Halloween Month Festivities

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October is my favorite month, because in New Orleans Halloween lasts the whole month. Houses are decked out with skeletons and ghouls from October 1st, and each weekend hosts some sort of costume themed ball or festival.

This year I attended the Mermaids and Mayhem Ball at Feret Street Publiq House the weekend before Halloween. You may be forgiven for mistakenly believing that attendees must be dressed as a mermaid or some interpretation of mayhem. New Orlineans generally interpret dress codes quite loosely – the only tightly held rule is that when its a costume party, you must be in a costume. One of my party, evidently not a New Orlinean, showed up in just jeans and a t-shirt. Fortunately, I was able to twist his t-shirt into a crop top, put some bright pink lipstick on his lips and a few lipstick marks on his stomach which made for a vaguely passable costume.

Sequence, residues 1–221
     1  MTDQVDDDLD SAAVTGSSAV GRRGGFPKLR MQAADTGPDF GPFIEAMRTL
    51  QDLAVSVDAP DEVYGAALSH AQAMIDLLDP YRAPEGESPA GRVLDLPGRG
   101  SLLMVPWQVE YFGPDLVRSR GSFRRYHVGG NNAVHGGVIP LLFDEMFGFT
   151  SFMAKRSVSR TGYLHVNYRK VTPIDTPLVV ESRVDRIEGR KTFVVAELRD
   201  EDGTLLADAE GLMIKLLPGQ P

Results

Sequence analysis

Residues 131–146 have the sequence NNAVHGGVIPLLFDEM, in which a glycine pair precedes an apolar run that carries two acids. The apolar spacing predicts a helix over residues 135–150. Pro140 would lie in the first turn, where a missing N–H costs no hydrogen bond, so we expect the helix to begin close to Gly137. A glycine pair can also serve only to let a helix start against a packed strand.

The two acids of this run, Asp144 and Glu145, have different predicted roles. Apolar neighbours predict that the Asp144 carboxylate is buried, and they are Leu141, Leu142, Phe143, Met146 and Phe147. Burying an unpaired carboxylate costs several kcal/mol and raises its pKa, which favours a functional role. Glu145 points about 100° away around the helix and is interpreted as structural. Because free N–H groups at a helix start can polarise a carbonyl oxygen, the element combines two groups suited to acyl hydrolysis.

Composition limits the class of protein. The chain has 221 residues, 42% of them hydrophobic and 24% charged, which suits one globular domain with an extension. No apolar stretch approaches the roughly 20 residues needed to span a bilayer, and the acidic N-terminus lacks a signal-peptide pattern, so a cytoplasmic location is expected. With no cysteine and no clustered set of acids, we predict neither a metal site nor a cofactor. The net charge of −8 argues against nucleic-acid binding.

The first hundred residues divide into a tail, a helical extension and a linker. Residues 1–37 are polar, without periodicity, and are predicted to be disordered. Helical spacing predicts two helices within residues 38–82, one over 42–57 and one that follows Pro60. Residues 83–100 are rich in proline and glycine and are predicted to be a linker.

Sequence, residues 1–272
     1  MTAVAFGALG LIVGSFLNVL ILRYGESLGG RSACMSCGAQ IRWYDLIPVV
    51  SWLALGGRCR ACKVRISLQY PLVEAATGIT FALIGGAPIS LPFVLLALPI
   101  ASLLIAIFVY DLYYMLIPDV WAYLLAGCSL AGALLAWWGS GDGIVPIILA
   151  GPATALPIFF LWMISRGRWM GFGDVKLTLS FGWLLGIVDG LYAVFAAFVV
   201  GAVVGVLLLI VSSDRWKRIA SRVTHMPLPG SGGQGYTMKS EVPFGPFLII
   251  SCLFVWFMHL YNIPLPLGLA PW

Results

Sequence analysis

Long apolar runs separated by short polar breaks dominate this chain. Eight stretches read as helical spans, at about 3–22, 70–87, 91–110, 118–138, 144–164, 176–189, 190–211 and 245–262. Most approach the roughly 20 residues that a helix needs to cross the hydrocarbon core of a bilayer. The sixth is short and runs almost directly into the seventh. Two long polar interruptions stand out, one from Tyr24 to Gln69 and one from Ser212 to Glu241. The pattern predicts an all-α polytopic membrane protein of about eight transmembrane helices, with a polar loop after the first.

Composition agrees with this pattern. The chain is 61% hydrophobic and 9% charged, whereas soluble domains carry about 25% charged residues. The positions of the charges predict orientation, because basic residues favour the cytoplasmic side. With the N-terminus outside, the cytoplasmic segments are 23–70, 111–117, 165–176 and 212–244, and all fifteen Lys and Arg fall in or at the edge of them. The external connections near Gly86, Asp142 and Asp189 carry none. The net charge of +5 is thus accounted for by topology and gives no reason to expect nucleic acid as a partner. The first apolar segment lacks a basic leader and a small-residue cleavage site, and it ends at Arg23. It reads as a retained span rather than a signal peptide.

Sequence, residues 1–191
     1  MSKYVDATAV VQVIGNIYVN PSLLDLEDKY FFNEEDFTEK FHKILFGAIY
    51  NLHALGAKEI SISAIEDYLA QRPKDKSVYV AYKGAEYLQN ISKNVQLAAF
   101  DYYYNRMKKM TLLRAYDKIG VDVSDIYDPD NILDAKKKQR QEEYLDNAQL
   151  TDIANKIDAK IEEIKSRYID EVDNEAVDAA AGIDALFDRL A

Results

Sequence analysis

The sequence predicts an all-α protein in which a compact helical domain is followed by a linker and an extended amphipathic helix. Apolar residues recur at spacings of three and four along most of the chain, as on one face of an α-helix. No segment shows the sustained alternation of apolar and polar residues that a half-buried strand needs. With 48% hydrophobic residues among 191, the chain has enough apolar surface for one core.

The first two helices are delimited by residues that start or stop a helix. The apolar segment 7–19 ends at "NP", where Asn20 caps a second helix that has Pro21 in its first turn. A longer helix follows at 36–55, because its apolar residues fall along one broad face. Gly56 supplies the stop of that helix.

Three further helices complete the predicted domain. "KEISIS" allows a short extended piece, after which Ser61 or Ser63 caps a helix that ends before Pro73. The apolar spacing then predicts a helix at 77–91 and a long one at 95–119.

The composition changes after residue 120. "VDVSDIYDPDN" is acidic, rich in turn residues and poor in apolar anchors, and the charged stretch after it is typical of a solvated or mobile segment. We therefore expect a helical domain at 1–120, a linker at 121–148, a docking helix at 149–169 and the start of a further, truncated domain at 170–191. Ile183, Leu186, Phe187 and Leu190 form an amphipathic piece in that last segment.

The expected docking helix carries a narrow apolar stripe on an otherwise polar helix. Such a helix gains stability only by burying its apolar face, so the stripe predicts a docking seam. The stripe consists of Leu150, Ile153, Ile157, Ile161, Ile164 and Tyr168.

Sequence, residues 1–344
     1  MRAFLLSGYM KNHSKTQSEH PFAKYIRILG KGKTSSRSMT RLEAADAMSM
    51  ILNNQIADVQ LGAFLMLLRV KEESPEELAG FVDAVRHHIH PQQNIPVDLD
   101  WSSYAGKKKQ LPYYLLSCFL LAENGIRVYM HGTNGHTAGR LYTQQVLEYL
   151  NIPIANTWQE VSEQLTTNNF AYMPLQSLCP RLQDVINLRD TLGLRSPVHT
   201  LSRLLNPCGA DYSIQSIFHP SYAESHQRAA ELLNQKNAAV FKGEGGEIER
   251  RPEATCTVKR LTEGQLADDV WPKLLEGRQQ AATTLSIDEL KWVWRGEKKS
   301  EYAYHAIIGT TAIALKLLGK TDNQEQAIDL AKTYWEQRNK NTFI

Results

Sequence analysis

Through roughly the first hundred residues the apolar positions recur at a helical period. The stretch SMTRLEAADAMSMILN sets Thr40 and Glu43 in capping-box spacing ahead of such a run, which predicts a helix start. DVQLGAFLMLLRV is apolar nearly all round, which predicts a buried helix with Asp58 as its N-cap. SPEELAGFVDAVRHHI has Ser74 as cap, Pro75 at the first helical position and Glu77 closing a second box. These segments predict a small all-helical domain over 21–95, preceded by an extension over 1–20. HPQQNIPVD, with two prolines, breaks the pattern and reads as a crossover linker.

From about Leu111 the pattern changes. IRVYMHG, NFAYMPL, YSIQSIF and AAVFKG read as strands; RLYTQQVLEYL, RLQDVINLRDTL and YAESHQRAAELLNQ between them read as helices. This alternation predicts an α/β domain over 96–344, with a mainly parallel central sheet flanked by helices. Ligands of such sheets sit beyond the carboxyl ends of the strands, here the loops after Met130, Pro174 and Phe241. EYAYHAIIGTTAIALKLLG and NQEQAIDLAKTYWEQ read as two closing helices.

And of course, what is any celebration in New Orleans without a parade?! Krewe of Boo rolled on October 30th through the French Quarter.

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Halloween fell on a Friday night this year. There was a multitude of events to choose from for the night. To name but a few: a True Detective themed house party, there was a Zombie Ball featuring Gabriel & Dresden, Galactic playing at Tipitina’s, and the Endless Night Vampire Ball at House of Blues, and the Vampire Lestat Fan Club’s annual Vampire Ball which was attended by Anne Rice this year (which I promise myself I will go to every year…next year, next year!).

Having a group of friends who had never experienced Halloween in New Orleans before, however, meant there was only one choice for us: Frenchmen Street. It becomes one big spectacular street party.

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I wish I could give you more details about how the party went down this year, but alas I was too inebriated and remember very little. All I can say is that I woke up in my own bed, still in full Ginger Spice Zombie costume, with a bag safely containing not only my wallet and phone but also those of a number of friends, and a bruise on one knee and a graze on the other, and a few rather interesting texts and photos on my phone. There might have been a few hiccoughs along the way, but I think I had a good night – I only have good memories of it!